Hans Peter Dettmar, the Hans-meister, November 2010, Baltimore Harbor
Well, I met with my GYN/oncologist yesterday and here's the plan - observation. I'll see him every three months, for the next two years I'll have a CT scan every 6 months, and then for the following five years I'll have a CT scan every year. After that, I'll be considered non-risk. Since the tumor was small (under an inch in diameter), and was totally removed, the prognosis is good. Thank you, see you in three months.
Is that all? After this crazy, over-the-top emotional year I was expecting more confusion and drama. Not to be. We have a plan in place, stop the drama. Sloan Kettering is a non-factor, really. The fact is that the expert at Johns Hopkins had never seen a PEComa nor has anyone at Sloan Kettering. They don't have any new information at this time. So I'm on a new path with this doctor, and since his office is a 6 minute drive from my house, even better.
I came home from the appointment and sat in a chair, the same one in which I called my parents to tell them the news in July. It was 3pm, it was quiet, and I suddenly didn't know how to feel. My husband told me to fix myself a stiff drink, but I didn't, I just sat. So much of my angst from the last year has been lifted, unfortunately angst has been a defining factor in my life for a year. I find myself crying for no reason, I think the release of the emotions I've been quietly carrying are going to come out, and they should. NO ONE should ever have to experience the confusion and mixed messages I've been given since April, just an awful roller coaster ride. Being in survival mode is not fun, trying to make through a day, an hour, a minute, a breath.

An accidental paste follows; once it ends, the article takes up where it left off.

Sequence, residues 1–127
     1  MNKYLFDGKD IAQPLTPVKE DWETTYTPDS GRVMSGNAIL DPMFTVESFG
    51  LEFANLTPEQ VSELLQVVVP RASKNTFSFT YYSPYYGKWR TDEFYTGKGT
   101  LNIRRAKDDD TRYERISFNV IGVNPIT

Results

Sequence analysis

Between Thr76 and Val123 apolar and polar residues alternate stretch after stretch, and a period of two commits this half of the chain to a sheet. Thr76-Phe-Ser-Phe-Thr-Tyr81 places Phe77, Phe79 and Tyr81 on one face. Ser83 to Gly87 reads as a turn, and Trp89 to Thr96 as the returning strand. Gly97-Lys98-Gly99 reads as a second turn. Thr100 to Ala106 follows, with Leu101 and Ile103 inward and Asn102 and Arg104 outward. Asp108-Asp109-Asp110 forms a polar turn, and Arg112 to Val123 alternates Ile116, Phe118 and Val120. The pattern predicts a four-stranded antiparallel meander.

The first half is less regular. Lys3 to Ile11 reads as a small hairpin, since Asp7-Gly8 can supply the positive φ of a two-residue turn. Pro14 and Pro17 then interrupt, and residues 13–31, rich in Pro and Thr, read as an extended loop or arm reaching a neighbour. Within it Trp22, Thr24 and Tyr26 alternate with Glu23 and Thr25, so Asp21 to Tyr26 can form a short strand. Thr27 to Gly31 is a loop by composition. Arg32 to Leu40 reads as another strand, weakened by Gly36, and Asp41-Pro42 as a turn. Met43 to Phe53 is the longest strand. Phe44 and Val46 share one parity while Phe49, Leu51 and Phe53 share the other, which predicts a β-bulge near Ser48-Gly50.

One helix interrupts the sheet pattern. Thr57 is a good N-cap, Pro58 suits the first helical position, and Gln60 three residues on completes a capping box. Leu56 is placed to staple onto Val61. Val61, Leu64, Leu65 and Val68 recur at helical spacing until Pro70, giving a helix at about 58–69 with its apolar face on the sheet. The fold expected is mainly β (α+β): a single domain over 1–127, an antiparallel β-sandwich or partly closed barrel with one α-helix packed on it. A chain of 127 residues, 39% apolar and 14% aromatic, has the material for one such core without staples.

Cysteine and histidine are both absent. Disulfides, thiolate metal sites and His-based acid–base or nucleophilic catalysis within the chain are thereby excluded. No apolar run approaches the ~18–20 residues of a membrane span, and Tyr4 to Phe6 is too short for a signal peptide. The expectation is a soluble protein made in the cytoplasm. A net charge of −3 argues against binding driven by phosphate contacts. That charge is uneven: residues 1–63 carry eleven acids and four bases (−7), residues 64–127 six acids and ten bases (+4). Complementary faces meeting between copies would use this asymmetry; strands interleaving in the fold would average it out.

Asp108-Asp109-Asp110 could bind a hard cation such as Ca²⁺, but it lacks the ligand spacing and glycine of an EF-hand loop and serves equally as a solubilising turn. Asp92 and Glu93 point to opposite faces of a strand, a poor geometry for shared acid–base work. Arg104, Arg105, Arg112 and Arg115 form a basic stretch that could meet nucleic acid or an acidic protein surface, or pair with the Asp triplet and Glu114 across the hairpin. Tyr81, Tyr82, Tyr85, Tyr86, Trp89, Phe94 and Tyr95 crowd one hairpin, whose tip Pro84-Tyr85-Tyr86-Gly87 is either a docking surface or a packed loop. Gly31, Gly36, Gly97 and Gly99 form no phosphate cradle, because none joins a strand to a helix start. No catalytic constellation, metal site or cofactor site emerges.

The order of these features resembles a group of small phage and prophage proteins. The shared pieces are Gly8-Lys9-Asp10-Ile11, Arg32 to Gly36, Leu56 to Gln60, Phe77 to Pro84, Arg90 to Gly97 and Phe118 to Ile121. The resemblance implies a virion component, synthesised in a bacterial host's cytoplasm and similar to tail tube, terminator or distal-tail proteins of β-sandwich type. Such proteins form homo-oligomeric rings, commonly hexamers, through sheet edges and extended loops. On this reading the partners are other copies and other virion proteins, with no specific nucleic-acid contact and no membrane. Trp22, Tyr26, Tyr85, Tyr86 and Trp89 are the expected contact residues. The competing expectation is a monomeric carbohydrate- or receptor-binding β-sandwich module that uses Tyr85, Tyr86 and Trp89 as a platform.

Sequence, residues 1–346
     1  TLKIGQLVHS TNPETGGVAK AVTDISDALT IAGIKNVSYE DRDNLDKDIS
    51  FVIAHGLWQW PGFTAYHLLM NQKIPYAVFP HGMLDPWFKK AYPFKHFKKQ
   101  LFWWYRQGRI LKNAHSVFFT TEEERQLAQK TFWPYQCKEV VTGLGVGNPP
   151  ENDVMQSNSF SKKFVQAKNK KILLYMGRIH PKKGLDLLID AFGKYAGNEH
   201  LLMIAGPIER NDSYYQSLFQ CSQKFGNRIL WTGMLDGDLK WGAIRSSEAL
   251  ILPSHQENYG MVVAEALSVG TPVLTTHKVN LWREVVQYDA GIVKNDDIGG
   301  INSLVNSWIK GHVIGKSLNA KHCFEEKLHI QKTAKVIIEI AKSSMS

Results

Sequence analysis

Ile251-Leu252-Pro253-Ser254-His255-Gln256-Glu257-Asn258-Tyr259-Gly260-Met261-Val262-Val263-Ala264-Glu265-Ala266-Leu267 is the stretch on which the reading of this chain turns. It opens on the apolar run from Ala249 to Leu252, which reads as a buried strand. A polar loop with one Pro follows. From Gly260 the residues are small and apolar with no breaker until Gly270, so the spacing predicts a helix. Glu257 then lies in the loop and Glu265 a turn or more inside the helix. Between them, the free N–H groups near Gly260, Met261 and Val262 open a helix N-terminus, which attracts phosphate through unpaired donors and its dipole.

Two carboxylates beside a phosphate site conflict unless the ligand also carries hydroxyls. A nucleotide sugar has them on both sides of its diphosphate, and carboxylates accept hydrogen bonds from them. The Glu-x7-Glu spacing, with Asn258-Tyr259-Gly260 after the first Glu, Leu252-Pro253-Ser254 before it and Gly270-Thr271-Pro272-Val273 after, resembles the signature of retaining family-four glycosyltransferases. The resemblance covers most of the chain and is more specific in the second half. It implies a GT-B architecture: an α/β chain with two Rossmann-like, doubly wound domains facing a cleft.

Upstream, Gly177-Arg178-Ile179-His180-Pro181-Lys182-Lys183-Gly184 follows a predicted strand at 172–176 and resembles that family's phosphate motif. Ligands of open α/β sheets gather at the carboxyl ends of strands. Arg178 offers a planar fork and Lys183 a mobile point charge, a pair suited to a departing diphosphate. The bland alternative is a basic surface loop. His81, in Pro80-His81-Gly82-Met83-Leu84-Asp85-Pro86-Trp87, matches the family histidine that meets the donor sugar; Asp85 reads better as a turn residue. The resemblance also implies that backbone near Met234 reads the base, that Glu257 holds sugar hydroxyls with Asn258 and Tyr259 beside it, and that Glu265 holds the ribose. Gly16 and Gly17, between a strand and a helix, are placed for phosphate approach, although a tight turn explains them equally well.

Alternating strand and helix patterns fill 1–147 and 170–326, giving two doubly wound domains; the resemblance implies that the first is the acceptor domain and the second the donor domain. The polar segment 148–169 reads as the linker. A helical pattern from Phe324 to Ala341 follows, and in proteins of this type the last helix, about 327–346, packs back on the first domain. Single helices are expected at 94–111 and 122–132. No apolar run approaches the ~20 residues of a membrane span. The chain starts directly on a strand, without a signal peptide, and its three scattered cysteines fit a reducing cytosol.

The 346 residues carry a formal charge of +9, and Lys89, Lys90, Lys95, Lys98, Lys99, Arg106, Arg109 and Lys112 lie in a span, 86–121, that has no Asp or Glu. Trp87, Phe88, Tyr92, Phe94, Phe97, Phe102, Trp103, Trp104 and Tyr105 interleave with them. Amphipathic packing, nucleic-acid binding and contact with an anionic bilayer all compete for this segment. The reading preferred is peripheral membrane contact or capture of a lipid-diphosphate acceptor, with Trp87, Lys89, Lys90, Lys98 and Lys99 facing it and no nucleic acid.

So many people have been supportive, some wonderful words shared, my cousin telling me she lit candles at every church while in Europe this summer for me, people putting me on prayer lists, my sister offering to come stay with me if I needed treatment, my parents with their medical constancy, my brother calling my parents every night to see how he could help, friends making me laugh to keep perspective, my pets, but most of all, my husband. It sounds a cliche, but he is truly my best friend and is ALWAYS there for me, always. He never once panicked (at least on the outside!) and helped make my life continue on with a sense of normalcy, even during those dark days of July. Thank God for the Tour de France this year, my yearly July obsession, that gave me plenty more to focus on than all the information overload I was getting, and Hans and I watched the Tour every day for three weeks. Hans Dettmar, you are a great man, a great husband, you make me laugh, and most importantly, you love me. There is no greater blessing in life than to be loved and to love fully in return.